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Chapel is an emerging parallel programming language being developed by Cray Inc. with the goal of improving programmer productivity.  Chapel's implementation is a work-in-progress and one that Cray is undertaking in a collaborative, open-source manner at SourceForge under the BSD license.  Cray Inc. encourages feedback from potential users in order to help improve Chapel's utility, generality, and adoptability, and are are also interested in seeking out mutually beneficial collaborations with external research groups.

Quick start

1) Load the Chapel module:

% module load chapel

2) Compile an example program using:

% chpl -o hello6-taskpar-dist $CHPL_HOME/examples/hello6-taskpar-dist.chpl

By default, the Chapel compiler creates two binaries:

  1. A wrapper/launcher binary, which you can name via the -o compiler option (defaults to a.out);
  2. The actual binary resulting from the Chapel application being built, with the same name as the launcher binary with _real appended to it.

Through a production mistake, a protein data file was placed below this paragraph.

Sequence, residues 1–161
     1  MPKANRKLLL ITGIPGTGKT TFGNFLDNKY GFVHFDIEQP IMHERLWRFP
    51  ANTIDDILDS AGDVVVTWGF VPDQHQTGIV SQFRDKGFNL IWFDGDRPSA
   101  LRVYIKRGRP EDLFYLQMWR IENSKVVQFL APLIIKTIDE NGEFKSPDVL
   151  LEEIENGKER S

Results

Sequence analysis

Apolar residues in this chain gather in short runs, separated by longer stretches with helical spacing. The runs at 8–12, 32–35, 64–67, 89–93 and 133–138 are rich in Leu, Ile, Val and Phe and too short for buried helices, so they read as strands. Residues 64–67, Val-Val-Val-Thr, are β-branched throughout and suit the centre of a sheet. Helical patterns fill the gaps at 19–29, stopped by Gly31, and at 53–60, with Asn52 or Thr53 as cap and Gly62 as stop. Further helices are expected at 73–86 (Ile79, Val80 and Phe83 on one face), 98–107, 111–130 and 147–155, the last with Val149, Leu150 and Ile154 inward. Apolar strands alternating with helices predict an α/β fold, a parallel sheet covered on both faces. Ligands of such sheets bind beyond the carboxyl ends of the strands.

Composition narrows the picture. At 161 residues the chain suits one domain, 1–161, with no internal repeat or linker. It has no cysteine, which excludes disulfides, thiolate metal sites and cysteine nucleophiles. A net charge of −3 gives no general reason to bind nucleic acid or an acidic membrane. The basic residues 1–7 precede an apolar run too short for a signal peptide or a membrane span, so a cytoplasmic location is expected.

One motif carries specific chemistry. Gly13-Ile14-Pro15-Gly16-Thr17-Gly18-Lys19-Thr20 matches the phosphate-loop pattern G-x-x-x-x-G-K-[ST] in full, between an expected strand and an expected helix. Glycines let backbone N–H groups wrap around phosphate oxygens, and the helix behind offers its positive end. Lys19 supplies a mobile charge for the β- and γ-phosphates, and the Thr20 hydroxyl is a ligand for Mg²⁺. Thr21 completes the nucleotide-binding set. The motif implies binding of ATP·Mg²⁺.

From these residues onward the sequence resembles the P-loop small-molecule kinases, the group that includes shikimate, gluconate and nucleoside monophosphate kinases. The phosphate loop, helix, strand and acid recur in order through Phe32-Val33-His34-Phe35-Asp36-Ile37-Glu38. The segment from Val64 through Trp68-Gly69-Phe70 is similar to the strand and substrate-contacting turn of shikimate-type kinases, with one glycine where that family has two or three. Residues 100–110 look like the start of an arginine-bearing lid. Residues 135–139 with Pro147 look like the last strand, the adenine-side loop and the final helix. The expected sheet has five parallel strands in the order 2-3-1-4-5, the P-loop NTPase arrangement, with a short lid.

We recommend using the second binary directly via SLURM's srun. Configure the run with the following when calling srun:

  • Overall number of nodes: --nodes=<num nodes>
  • Overall number of tasks equal to the number of nodes: --ntasks=<num nodes> --ntasks-per-node=1
  • Number of CPUs per task equal to the available hardware threads per node: --cpus-per-task=48

This combination gives Chapel's runtime library the most latitude in setting thread/task placement and scheduling. Also for Chapel, use the -nl to the number of locales to equal the number of nodes requested.

Here is an example run:

$ salloc -N 2 -t 10:00 -p debug
$ srun --nodes=2 --ntasks=2 --ntasks-per-node=1 --cpus-per-task=48 ./hello-coforall_real -v -nl 2